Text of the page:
At the advance of the armies, Abdiel meets Satan and they exchange pleasantries. Satan tells Abdiel that once, he had deemed Heaven and freedom the same; now he sees it otherwise. Abdiel objects: Satan is enslaved to himself, and is further, not blessed, or can he bless himself. Before Satan can raise his shield, Abdiel has dealt the first blow of the war, and Satan is sent reeling backwards; his followers are both shocked and infuriated and retaliate. Michael sounds the trumpet and the first days’ battle begins.
Resounded, and had earth been then, all earth
Had to her centre shook. What wonder? when
Millions of fierce encountering angel fought…” (218-20).
The battle field suddenly parts as Michael and Satan meet, and Michael deals him a blow that nearly splits him in half and spills his “nectarous humour” (332) (ew). But here, Milton (he’s earned it) waxes eloquent on how angels are made, the nature of their eternality, and how they had never felt pain until this battle; how Satan will heal overnight, though carried off the battle-field today by his compatriots. The day ends; Michael and his numbers set up camp on the battlefield. But in spite of his wounds, Satan is encouraged. His strength was met with strength; they were an actual match. “…fallible, it seems, /Of future we may deem him, thought till now/ Omnicscient thought” (428-30). In Satan’s mind, this means they really could win. He just needs bigger weapons…
So Satan’s minions dig…until they have the elements to make gunpowder “…whereof to found their engines and their balls/ Of missive ruin…with one touch to fire…” (518-9). Milton has set up a clear day and night even in these battlefields of Heaven, and all this building and alchemy only takes one night for the army of rebels. In the morning, a lookout from the army of Heaven sees them coming and flies back to warn the previous day’s victors. They soon see the weapon of war that Satan as constructed—something not unlike modern weapons of mass destruction, and what Milton might have called a cannon.
It is clear that Satan now has the upper hand; he laughs and mocks his enemies, and he and Belial are in a “gamesome mood” (620)…until the hosts of Heaven respond to the carnage the cannon has wrecked by throwing the very mountains back at them. The (literally) Satanic engines are crushed, and all they can do in response (once they dig themselves out of the upturned mountains) is to tear up their own hills. But here Milton returns to the mind of God, who has foreseen all of this, and has waited until this prime moment to act so that the Son may get the most glory.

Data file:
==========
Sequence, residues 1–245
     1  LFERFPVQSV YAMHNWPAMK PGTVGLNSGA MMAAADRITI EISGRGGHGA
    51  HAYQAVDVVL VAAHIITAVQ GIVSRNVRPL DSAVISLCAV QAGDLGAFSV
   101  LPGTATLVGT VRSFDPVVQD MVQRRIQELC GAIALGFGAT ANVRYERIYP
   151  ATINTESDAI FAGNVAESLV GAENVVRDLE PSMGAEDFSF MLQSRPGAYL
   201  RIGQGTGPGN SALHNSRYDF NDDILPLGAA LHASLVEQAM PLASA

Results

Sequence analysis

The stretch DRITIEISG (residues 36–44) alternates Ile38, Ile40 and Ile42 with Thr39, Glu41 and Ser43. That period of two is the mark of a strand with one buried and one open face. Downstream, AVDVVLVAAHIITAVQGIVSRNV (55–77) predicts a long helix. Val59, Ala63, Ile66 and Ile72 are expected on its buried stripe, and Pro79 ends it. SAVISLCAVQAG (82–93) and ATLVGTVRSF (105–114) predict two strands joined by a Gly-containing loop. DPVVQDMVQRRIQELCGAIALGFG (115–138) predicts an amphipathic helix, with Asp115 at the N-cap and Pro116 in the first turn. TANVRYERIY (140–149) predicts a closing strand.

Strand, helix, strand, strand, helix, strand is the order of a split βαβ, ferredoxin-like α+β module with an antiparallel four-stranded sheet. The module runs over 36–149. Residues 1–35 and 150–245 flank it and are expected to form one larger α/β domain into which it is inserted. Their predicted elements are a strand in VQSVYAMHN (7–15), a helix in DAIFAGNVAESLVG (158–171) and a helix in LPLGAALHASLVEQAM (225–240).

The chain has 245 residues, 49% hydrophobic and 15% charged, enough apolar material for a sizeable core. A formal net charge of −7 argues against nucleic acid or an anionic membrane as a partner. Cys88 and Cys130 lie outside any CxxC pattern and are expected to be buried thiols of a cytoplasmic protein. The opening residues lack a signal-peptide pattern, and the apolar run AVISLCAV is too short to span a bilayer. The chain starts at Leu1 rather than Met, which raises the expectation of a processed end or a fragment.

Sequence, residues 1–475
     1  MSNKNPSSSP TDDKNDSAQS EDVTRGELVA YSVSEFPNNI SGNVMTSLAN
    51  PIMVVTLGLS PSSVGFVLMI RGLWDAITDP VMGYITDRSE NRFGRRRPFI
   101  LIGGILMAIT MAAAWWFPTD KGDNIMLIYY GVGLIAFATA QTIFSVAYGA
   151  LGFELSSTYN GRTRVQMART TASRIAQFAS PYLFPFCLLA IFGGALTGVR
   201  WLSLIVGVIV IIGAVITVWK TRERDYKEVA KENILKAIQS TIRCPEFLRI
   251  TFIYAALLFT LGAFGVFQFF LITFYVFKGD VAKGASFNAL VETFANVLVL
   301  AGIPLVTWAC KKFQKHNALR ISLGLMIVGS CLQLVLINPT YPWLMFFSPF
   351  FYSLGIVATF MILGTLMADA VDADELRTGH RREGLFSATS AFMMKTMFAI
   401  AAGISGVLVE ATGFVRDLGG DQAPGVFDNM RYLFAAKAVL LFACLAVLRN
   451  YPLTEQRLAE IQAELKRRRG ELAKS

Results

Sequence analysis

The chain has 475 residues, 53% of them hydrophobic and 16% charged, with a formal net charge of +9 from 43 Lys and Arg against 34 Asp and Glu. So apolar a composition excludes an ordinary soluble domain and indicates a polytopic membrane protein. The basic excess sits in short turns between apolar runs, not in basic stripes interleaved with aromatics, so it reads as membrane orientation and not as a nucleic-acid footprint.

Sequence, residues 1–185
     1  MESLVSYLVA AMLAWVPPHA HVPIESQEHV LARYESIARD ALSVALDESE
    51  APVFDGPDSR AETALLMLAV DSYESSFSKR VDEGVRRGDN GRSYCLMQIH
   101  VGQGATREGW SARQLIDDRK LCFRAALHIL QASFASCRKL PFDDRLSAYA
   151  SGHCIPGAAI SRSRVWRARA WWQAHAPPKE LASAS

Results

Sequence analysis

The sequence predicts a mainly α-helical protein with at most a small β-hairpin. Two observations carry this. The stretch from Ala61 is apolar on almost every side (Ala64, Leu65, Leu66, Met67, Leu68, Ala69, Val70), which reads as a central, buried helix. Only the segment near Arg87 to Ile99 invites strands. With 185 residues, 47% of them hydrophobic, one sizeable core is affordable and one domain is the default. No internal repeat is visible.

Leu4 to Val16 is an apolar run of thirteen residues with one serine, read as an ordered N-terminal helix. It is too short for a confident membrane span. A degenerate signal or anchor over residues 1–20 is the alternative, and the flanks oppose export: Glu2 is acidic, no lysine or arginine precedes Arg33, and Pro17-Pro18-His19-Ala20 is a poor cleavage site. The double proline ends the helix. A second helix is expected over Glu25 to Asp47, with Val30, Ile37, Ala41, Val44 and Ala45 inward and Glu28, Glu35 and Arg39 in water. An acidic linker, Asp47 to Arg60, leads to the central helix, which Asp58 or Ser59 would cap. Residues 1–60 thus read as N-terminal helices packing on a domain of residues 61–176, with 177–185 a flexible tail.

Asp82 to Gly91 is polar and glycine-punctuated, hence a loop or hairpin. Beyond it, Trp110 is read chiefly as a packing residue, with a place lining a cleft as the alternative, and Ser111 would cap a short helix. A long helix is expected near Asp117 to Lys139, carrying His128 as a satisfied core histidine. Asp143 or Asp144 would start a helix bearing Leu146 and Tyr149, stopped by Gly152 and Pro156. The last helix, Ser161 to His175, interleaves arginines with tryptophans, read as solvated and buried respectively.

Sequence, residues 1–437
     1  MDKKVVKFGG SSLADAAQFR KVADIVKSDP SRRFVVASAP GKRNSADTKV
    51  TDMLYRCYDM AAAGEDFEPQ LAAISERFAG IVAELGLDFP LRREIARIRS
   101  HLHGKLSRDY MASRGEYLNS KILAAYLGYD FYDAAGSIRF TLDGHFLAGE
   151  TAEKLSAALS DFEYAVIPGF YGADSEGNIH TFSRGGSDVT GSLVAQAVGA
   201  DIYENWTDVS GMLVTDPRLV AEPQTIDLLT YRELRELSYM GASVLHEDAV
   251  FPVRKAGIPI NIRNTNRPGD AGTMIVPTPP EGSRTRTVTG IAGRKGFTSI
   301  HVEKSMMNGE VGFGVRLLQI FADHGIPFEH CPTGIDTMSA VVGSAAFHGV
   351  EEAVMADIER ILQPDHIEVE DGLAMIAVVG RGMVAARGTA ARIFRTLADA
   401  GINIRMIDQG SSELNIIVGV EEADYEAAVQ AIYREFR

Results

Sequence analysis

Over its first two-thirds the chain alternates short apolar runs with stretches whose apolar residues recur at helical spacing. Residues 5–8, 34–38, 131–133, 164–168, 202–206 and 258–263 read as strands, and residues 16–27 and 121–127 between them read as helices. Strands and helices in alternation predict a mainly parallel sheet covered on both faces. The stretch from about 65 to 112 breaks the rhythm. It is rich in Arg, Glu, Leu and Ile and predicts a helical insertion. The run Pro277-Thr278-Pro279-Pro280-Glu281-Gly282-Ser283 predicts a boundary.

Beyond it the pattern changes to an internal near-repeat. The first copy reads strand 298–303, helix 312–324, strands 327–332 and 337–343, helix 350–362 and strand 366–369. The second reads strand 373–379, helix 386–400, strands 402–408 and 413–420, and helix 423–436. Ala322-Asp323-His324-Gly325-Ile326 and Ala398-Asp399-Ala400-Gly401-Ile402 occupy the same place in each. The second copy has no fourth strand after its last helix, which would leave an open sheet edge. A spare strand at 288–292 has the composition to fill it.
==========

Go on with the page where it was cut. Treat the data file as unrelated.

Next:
Note:Philip Pullman remarks (as do other literary figures of history) that this is, to his mind, the very thing that puts him on the side of Satan. Pullman notes that “…it’s difficult to warm to a God who watches complacently while his forces suffer terrible punishment, deliberately waiting before letting his Son rout the enemy so as to make his triumph seem more splendid…” But is this not the limitations of literature? We can only talk about the Heavenly in terms of the Earthly; so we only talk about God in terms of Man. If a man or woman allowed a war so that their child could win and look good, we should rightly condemn them—we who are condemned ourselves. Milton can only talk about Heaven itself in terms of Earth because that’s all he knows: mountains, mining, day and night. We can only talk about God in terms of our experience and our physical selves: for instance, we refer to His hands, Who has none. Likewise, Satan struggles in a very…human way. So we empathize. But I digress.
They throw mountains at each other for a second full heavenly day until Heaven is in danger of being destroyed. Then God grants the Son all power to end the war—which only the Son can do. So on the third morning, the Son rides into battle with twenty thousand Chariots of God. As He comes, he commands the mountains back into place. He is so terrible that that the previously fearless Satan and armies lose all courage, and even drop their weapons. “Yet half his strength he put not forth, but checked/ His thunder in mid-volley, for he meant/ Not to destroy, but root them out of heaven…” And He does: for nine days they fall down toward Hell; truly rooted out.
Here, Milton imagines that the Son had a triumphal march like that of the entry into Jerusalem before the crucifixion, palm branches and all: the conquering General of Armies. So Raphael ends his story to Adam and Eve, and further warns them of the enemy which stalks them—a third warning, mind you: “…remember, and fear to transgress” (912).
Book 5 begins without Satan himself, but with the dreams he has left behind for Eve; his evil work over God’s new creation has begun. She wakes up startled, and not unlike a lot of us after a nightmare, she needs a hug. It is interesting that pre-Fall, Milton depicts Eve dreaming “…of offence and trouble, which my mind/ Knew never till this irksome night…” (34-5), and knowing it. In the dream, a figure like an angel invites her to eat from the tree of knowledge. But the fact that Eve recognizes this dream as “not good” seems like she is immediately not deceived.
Adam recognizes this dream as “…of evil sprung I fear…” (98). But he knows that this evil can’t have been generated of Eve herself, and wonders where it came from. He remarks that he has “…hope/ That what in sleep thou didst abhor to dream,/ Waking thou wilt never consent to do” (119-21). So in Milton’s epic, they are once warned. They worship God together, and are comforted.